People are also free to look at Apache APIs and clean-room re-implement them; you just can't use the Apache product names at that point. Asserting compatibility becomes indefensible: if you look at the ASF JIRAs, even 100% compatibility across versions is hard to achieve -that's with the same source tree. It's not the binary signature that is (usually) the problem, its what happens afterwards that's trouble. Little things like whether renaming a file is atomic, or what happens when you ask for the block locations of a directory.

Now, what about introducing a closed source product on top of Hadoop and saying you are part of the hadoop ecosystem, that you have x-hundred people working on Hadoop?

This is where it gets tricky.

Some people say "it's like building on Linux" -and there are some very big closed applications that run on Linux. A big one that springs to mind is Oracle RDBMs.

Are the thousands of people who work on Oracle-on-Linux "working on Linux"? Are they working on "Oracle on Linux", or are they working "on Oracle", on Linux?

Whatever way you look at it, those people aren't working in the Linux OS, just on something that runs on top of it . Would you call it part of the Linux "stack", the way MySQL and Apache HTTPD are?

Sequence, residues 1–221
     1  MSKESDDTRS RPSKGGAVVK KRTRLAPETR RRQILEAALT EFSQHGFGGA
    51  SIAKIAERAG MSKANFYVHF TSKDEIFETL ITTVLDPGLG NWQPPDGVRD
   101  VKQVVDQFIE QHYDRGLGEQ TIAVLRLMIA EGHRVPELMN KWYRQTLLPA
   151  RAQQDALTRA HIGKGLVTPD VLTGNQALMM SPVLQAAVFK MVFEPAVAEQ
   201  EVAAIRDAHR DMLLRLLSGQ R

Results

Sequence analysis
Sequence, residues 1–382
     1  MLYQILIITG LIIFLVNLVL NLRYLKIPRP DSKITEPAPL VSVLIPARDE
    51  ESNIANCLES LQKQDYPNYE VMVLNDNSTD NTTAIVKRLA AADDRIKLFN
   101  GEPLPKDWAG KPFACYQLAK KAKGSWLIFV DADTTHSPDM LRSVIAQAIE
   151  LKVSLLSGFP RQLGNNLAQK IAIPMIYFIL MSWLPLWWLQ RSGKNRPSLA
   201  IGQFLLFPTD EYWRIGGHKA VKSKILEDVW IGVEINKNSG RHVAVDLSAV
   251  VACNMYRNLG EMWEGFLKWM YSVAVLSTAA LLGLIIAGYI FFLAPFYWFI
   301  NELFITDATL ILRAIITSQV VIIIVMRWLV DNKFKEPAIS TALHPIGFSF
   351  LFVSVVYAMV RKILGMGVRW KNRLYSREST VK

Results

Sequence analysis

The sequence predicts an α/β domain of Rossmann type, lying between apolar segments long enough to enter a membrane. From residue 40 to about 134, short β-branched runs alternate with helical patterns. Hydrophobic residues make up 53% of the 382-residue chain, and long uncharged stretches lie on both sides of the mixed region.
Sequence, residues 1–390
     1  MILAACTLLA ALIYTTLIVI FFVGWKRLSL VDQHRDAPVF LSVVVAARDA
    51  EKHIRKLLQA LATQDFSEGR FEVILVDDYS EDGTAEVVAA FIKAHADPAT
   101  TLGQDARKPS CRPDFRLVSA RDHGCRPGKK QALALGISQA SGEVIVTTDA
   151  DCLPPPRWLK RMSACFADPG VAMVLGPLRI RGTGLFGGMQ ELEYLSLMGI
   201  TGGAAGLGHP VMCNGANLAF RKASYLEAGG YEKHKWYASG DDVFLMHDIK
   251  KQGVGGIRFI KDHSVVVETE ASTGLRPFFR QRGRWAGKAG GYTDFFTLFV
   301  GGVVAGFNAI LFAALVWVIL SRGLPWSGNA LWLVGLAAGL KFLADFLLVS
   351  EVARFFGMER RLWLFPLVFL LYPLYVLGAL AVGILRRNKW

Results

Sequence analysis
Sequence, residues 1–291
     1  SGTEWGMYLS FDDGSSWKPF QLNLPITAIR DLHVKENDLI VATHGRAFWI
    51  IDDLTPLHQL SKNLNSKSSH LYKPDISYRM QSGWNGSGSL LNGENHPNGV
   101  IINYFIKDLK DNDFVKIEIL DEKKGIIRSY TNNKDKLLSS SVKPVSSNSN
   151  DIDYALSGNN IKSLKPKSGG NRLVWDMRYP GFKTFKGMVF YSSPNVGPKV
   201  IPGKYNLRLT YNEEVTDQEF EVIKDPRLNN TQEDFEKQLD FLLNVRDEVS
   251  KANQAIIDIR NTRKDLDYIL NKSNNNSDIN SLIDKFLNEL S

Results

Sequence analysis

Personally: I have no idea.

see no evil 2012

What probably doesn't happen from Oracle's work is any direct feedback from their application into the OS. [Correction: it does, thx @tlipcon]. I also doubt that RedHat, Novell and others regression test Oracle RDBMS on their latest builds of Linux. By their very nature, closed-source applications fall out of the normal OSS regression and release test processes, that rely not only on the open source trees, but the open test suites. This is also why Oracle's actions in not releasing all tests for MySQL seems so short sighted: it may hurt MariaDB, but it also hinders Linux regression testing.

Breaking that link between the OS and the application means that Oracle have not been in the position to rapidly adapt to problems in the OS and filesystem, because there's no way to push their issues back upstream, to get changes in, to get new releases out in a hurry to fix a problem with their application or hardware. Instead the onus becomes on the application to deal with the problem themselves.